It’s probably safe to say that most people who go to a doctor to treat their acute or chronic pain don’t go intending to end up addicted to painkillers.

Unfortunately, a lot of people end up hooked on prescription painkillers because doctors — even good ones — are prescribing too many narcotics. For example, studies have shown that almost three-fourths of doctors believe that morphine and Oxycontin give the best short-term pain relief, even though non-prescription drugs like Advil are actually more effective.

Since even good doctors make mistakes where prescription narcotics are involved, how can a patient tell the difference between a legitimate pain clinic or doctor and a “pill mill” that is just pushing out pills in order to make quick cash?

— The doctor may ask you what prescription you want instead of telling you what he or she would like to try first.

— The clinic may offer to fill your prescription for you if you have the cash.

— Some pill mills do accept insurance, but you should be suspicious if you’re at an office that only accepts cash and doesn’t bill your insurance.

— You may have little or no physical exam.

— The doctor makes little or no attempt to verify the source of your pain. He or she just takes your word for it.

— The doctor only treats pain with pills. He or she does not refer patients to physical therapy, use cortisone injections or other procedures.

— They may have a huge crowd of patients waiting to see the doctor. This isn’t unusual in a legitimate clinic, either. However, many out-of-state license plates on the cars in the parking lot probably indicates a pill mill with a big reputation.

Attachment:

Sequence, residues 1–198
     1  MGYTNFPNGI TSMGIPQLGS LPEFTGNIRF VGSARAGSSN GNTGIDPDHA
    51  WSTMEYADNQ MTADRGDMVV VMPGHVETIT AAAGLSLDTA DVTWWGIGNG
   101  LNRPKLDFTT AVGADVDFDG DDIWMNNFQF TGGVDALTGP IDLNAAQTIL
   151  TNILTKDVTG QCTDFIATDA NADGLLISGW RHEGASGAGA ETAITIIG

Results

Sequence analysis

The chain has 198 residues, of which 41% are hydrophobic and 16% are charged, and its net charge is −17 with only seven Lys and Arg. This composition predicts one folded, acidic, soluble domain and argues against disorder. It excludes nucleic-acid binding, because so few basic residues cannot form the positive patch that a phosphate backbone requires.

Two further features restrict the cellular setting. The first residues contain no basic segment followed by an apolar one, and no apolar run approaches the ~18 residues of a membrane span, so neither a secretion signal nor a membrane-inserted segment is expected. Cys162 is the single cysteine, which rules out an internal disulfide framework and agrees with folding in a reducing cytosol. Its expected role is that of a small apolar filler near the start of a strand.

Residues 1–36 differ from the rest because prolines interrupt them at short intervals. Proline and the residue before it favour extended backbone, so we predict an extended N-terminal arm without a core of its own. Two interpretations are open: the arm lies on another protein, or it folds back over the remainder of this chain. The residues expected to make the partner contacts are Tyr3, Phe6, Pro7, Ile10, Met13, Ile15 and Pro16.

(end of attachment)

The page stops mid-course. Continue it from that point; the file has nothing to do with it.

There are other possible signs as well, some more blatant than others. While some of the pill mills can be almost obvious, others will look like a neat, orderly pain clinic on the surface. However, trust your instincts — if you get the feeling the doctor is more interested in giving you pills than stopping your pain, find a new doctor.

Fatal drug overdoses are at an all-time high, and the Centers for Disease Control and Prevention (CDC) believes that prescription painkillers are part of the cause. If you lost a close relative due to painkiller addiction and overdose, an attorney can provide more information on how to proceed.

Source: Recovery Restart, “Know The Signs To Avoid Pill Mills,” accessed April 25, 2017